One of the best things about this project is I have a vast collection of game prototype to choose from to develop further in order to kick start the beginnings of my Independent Games career. My personal favourite prototypes from the project are Remember the Fallen, then Channel, then I Wish I Could Fly. I plan to continue the development of these upon graduation for a potential independent release.

“If I could, I would do it all over again.”

Jams Attended
Ludum Dare #27 - [24th – 25th August, 2013]
Indie Speed Run 2013 – [13th – 14th September, 2013]
The Walking Dead Game Jam – [26th September – 10th October, 2013]
Charity Game Jam – [23rd – 30th November, 2013]
Game Hack – [16th – 17th November, 2013]
Ludum Dare #28 - [13th -16th December, 2013]
Global Games Jam 2014 – [24th – 26th January, 2014]
Mini Ludum Dare #49 – [21st – 24th February, 2014]
Cyberpunk Game Jam [1st - 10th March, 2014]
Stencyl  Game Jam – [14th - 28th March, 2014]
Norwich Game Jam – [7th - 11th April, 2014]
Ludum Dare #29 – [26th - 28th April, 2014]

Encouraging Others
I was very vocal about this project in encouraging others to participate as well as offering many opportunities for collaboration. To newcomers, finding Game Jams can be difficult so it was my goal to discover these Jams personally and then share these with students on the course whilst entering in them – hopefully this encouraged some to attend. Many of the Game Jams I participated in I made sure to promote on the UCS Game Design page, usually directed at 1st and 2nd year students in particular. Evidence of this throughout the year is shown below.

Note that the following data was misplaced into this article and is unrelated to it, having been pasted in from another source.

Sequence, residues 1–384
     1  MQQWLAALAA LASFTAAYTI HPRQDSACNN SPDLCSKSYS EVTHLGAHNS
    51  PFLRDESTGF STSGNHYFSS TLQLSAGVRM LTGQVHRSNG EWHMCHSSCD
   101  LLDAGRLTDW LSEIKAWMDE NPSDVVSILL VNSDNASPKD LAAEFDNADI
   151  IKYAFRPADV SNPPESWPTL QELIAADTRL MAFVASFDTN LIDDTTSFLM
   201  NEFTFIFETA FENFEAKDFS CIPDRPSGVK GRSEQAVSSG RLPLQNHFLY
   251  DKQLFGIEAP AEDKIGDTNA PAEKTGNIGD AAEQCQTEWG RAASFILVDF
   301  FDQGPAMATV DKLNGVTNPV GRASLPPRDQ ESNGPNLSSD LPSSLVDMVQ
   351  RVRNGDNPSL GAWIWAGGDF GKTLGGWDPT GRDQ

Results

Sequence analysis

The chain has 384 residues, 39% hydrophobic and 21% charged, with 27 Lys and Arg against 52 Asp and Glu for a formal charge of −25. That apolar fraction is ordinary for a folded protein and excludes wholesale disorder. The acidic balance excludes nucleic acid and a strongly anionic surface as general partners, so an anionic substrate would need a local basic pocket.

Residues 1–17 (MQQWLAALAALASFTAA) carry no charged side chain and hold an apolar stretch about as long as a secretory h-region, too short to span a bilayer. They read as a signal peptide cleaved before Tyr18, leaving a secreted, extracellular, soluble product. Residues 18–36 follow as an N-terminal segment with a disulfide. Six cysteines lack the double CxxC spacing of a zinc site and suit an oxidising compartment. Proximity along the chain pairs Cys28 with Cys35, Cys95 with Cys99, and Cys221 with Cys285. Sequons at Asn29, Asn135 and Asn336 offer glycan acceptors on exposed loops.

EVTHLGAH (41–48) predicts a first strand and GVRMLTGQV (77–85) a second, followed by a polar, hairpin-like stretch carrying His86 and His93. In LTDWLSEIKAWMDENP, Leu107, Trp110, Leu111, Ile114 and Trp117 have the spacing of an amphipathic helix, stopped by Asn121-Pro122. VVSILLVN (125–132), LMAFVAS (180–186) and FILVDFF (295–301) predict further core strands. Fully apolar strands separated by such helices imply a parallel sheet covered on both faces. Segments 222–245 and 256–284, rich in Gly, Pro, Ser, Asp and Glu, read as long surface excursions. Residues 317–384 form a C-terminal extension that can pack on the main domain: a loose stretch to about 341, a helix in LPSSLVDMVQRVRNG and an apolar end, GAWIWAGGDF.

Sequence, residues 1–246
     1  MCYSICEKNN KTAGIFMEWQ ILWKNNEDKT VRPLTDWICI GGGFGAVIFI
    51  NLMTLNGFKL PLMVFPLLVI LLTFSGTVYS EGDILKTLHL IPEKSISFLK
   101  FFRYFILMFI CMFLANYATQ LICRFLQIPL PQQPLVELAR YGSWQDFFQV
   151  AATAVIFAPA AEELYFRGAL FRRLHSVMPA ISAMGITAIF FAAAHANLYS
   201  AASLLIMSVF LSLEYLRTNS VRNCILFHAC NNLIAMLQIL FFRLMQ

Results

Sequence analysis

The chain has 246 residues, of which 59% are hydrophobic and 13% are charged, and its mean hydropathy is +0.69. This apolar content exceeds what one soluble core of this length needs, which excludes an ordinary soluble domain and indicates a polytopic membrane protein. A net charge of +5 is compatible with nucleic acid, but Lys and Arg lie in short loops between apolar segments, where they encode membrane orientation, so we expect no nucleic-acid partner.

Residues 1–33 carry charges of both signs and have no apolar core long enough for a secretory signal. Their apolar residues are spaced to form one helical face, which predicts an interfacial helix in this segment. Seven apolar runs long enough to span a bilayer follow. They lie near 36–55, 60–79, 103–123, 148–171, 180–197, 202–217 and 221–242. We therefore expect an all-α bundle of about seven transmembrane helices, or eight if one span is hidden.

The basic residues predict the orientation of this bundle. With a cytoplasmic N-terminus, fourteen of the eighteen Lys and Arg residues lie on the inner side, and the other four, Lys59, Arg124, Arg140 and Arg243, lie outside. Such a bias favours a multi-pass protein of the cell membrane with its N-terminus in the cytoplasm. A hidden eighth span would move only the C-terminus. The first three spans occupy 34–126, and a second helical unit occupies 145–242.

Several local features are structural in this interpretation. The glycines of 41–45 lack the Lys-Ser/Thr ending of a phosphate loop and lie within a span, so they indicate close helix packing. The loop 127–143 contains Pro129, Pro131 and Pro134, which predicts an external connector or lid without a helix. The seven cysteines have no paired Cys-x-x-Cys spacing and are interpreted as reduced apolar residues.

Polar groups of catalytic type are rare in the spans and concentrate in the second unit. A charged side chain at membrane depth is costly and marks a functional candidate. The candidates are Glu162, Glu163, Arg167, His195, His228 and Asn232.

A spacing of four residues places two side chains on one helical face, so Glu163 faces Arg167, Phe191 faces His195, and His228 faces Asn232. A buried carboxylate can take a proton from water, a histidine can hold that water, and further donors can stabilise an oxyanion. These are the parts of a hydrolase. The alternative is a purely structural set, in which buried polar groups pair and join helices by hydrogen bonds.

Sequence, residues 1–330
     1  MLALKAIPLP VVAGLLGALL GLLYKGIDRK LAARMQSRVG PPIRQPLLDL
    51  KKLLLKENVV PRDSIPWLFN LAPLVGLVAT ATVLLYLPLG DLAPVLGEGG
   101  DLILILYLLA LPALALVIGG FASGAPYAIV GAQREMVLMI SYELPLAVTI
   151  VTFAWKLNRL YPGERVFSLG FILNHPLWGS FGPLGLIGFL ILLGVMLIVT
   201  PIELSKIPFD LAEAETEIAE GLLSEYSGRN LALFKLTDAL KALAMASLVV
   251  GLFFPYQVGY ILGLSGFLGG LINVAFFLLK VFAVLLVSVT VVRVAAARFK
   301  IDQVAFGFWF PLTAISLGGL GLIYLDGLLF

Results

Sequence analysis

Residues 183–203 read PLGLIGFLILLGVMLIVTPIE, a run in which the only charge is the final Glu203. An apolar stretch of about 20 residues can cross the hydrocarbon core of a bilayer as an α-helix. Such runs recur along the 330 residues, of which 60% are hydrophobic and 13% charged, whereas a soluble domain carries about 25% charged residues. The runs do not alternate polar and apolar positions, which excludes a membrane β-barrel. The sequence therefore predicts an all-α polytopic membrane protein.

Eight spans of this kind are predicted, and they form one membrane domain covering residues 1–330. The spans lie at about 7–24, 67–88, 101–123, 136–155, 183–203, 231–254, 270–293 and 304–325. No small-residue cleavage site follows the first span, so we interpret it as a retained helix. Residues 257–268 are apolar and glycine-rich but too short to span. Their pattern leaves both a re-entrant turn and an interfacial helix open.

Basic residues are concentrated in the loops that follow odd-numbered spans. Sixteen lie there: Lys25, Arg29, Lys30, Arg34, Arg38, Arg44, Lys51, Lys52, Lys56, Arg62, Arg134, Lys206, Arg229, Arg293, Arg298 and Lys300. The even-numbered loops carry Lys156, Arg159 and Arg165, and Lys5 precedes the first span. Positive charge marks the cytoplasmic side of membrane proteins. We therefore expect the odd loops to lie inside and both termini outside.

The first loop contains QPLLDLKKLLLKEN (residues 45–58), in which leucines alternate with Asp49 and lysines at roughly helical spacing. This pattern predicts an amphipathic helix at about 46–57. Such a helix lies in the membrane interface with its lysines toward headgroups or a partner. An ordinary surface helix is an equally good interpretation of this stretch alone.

Monday, 12 May 2014

Ludum Dare #29 - Postmortem


The jam schedule has been updated accordingly since participation in this particular jam
This was my 5th time competed in Ludum Dare and was unfortunately an unsuccessful jam which was a little demoralising until I wrote this postmortem that seems to be a good learning curve. The theme for this Ludum Dare was "Beneath the Surface”, an interesting theme with a lot of potential for some neat ideas – but I just was not feeling it at all, I was un-inspired with little creative thought to grasp.

The Game
I attempted to prototype 2 different ideas for the theme during the first 24 hours of the jam – by the end of the 1st day I had given up on both and spent the rest of jam drawing. Regrettably, I did not submit an entry to the site.

Attempt 1 
Similar to Mini Ludum Dare #49 I spent my time prototyping out platformer game mechanics by tweaking old code. All of the visuals were hand drawn, scanned into the computer, cropped and placed accordingly.
In the process of doing this I simply wasn’t feeling like I was getting anything interesting out of this prototype. I decided to scrap the idea and start over on the basis that this felt too familiar territory in terms of a Game Jam game. I struggled very much to create something new and interesting whilst at the same time being within my technical capabilities. The challenge of making sure to avoid overscoping a prototype for a Jam ultimately led me to not starting anything at the fear of overscoping.

Attempt 2
Attempt two was initially envisioned to be ‘Guess Who’ combined with rapid twitch mechanics. Players simply select a button that randomly generates them a character and shaving foam coordinates. Then, players must quickly remove all the foam by dragging a razor over the characters face to simulate the act of shaving. I came to the realisation that this was quite similar a prototype that I had made in the past entitled ‘Just A Trim’. It was the realisation of this that led me to the decision of giving up on the Jam. I spent the rest of the weekend chewing over what had gone wrong whilst drawing sketching a lot of artwork on the side.